2.13.2008

Feeling better about my own resume all the time

I'm collecting resumes at work for a part-time position. So far I've received about 3,475,011. Because it looks like everyone wants to work at a library. I wondered how I was going to be able to weed them down to an acceptable number, but as soon as I started looking at the resumes I realized that some people are going to make it very easy for me to remove theirs from the pile.

Here are some of the things I'm learning. May they be helpful to you in your own job searches.

If you hand-deliver your resume, it's a good idea to wear something semi-nice. And to be polite. Also, in this case it's actually a good idea to drop it off in person, because if we get a good impression of you then we write a little note on the resume before adding it to the 6-ton filing folder.

You don't lose points for not writing a cover letter or using nice paper. But those things do earn extra points and make your resume stand out favorably. I guess I'm shallow like that.

When I tell you that you need to bring in a resume, giving me a deer-in-the-headlights stare and telling me you don't have one is not a good idea. Because I'm not actually going to waive that.

Each section of your resume does not need its own page--if your resume is 4 pages or longer it had better be because you have 45 years of relevant experience, including Queen of the World.

Please do not use more than 6 different fonts in a resume. It makes my brain leak out my ears. Also? White space can be very important in contributing to the overall look and readability of your resume. Please try to include some.

On the subject of font and eye strain, something larger than 8 point is preferable, thank you. As much as I love me some sexy librarian glasses, I prefer to wear them for cosmetic reasons--not because I actually need them.

I am so over that generic Objectives section. Just scratch that. It adds nothing.

You might want to consider a grown-up email address. Something with the word "whatever" in it does not give me great confidence in your work ethic. Neither does "lazy," "sexy," or anything to do with pop music stars.

Your resume should not include adhesive tape, white-out, edits written in pen, or any combination of these things.

Please do not submit a photocopy of the resume you created 20 years ago, even if you took the time to fill in your current information with pen and post-it notes. Yes, I'm sure you did get rid of your computer and printer when you moved, but I'm betting you could have figured something out.

Anybody have any others?

22 comments:

TOWR said... [reply]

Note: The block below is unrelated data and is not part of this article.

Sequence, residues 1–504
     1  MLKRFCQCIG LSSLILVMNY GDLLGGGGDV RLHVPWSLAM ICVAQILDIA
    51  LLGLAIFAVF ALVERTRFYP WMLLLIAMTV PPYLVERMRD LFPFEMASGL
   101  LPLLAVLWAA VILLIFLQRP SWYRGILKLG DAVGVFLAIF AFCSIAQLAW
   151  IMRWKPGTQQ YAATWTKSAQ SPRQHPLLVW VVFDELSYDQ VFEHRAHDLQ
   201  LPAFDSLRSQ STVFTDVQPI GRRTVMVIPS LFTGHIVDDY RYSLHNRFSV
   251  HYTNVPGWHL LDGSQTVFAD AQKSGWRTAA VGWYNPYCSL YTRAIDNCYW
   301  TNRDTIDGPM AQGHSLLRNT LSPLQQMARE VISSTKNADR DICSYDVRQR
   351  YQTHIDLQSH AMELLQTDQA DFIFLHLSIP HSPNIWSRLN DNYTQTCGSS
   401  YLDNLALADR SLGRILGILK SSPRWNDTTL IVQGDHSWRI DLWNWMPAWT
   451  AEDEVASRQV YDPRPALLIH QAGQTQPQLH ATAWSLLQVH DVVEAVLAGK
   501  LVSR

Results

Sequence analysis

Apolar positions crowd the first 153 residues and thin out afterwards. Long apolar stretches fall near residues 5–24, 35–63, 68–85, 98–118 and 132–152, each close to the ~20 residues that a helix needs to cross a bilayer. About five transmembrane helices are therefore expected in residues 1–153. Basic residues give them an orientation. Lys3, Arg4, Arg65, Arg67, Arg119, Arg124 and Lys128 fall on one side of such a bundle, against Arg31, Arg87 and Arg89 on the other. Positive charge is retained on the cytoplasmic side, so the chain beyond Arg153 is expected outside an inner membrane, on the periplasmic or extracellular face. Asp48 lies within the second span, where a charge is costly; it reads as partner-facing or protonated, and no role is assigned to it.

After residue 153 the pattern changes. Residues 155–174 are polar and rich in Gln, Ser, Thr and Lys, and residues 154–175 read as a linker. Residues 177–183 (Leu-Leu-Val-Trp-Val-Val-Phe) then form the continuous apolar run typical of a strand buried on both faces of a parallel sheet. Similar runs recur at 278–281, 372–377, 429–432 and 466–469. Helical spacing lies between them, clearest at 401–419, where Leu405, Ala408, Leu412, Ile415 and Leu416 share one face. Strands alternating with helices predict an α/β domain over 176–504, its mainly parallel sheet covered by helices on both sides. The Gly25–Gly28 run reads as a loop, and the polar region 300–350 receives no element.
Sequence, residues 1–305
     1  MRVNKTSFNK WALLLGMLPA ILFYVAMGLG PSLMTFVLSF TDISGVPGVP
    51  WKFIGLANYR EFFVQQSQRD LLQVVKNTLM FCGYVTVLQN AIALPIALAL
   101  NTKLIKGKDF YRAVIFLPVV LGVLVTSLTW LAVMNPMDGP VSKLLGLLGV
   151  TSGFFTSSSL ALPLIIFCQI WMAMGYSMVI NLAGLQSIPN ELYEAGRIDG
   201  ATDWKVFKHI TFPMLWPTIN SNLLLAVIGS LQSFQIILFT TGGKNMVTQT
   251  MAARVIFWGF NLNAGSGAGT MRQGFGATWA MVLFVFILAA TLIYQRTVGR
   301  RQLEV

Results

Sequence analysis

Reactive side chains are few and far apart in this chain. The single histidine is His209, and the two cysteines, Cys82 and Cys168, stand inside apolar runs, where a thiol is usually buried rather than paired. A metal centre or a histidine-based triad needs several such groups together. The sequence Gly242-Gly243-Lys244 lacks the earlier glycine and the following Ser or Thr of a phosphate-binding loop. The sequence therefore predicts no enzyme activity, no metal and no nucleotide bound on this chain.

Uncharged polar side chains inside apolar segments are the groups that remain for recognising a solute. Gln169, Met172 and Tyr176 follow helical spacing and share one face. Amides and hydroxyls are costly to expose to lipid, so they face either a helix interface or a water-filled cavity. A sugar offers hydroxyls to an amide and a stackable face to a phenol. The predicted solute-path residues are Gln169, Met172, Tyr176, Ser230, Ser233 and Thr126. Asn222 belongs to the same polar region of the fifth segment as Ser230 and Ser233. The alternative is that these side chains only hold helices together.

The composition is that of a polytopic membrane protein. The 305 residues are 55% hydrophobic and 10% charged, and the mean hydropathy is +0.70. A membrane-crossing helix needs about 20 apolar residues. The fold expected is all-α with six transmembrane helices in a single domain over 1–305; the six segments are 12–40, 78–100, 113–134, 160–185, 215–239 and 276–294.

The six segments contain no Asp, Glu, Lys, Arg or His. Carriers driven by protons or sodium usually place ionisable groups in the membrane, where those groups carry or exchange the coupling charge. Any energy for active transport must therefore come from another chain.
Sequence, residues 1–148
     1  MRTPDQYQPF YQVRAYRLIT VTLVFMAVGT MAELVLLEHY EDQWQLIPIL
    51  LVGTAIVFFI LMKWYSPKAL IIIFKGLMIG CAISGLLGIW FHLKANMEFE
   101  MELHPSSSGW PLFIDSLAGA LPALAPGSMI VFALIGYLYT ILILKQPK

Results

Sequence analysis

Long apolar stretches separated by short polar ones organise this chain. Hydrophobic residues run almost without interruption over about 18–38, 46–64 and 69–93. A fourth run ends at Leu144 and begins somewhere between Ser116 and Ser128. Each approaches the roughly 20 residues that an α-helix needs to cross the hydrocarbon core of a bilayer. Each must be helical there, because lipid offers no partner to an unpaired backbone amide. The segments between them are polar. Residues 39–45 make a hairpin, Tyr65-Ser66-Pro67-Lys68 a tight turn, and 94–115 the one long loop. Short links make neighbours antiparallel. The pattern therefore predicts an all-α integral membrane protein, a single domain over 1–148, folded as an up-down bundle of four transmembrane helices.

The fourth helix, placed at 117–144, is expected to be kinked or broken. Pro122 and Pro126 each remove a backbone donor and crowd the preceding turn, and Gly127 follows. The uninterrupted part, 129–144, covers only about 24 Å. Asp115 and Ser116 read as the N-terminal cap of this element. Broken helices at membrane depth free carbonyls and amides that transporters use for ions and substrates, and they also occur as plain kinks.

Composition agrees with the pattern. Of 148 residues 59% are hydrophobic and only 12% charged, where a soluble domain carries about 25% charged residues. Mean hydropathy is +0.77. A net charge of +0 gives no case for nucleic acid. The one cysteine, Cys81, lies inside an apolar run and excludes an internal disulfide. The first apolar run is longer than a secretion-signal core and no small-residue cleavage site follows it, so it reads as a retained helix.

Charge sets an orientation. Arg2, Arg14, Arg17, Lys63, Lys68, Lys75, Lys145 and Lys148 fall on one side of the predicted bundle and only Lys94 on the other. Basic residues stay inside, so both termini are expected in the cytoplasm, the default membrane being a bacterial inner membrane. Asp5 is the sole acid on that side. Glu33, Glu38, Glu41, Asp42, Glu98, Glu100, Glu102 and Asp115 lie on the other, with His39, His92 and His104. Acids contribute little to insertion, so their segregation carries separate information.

"I am so over that generic Objectives section. Just scratch that. It adds nothing."

I cannot tell you how many of my friends have asked me to review their resumes, and I have told all of them to bag the objectives section. "It's a big load of crap--everybody knows what your objective is: get a job with that company. Let's not blow smoke up their @$$. They know better. Let's give them a little credit."

I've also recommended that people include a more professional email address. ;)

Desmama said... [reply]

Gadzooks. DesDad had to go through resumes a while back for a position at his work and he brought a few home. I was ready to toss them all, they were all just awful. It was kind of . . . amazing.

Valli said... [reply]

Yes, Objectives section does no one any good. I recently reviewed a resume that used three types of bullets and just as many spacing variations. It didn't accentuate anything it was just distracting.

Jon Boy said... [reply]

I'll take the font thing a couple steps further: you really don't need more than two.

Also be aware that everyone already knows about tricks like leaving off dates to cover up gaps in employment. I think it's best to be up-front and have an explanation ready. Most people are aware that changing jobs every few years is common and that it's also fairly common to be laid off and be out of work for quite a while.

bawb said... [reply]

Each section of your resume does not need its own page--if your resume is 4 pages or longer it had better be because you have 45 years of relevant experience, including Queen of the World.

No kidding. If the first page of a resume doesn't convince me, the rest isn't going to change my mind.

BEFore said... [reply]

After you've narrowed it to an interview pool, do you plan on Googleing the names? Apparently that's common nowadays.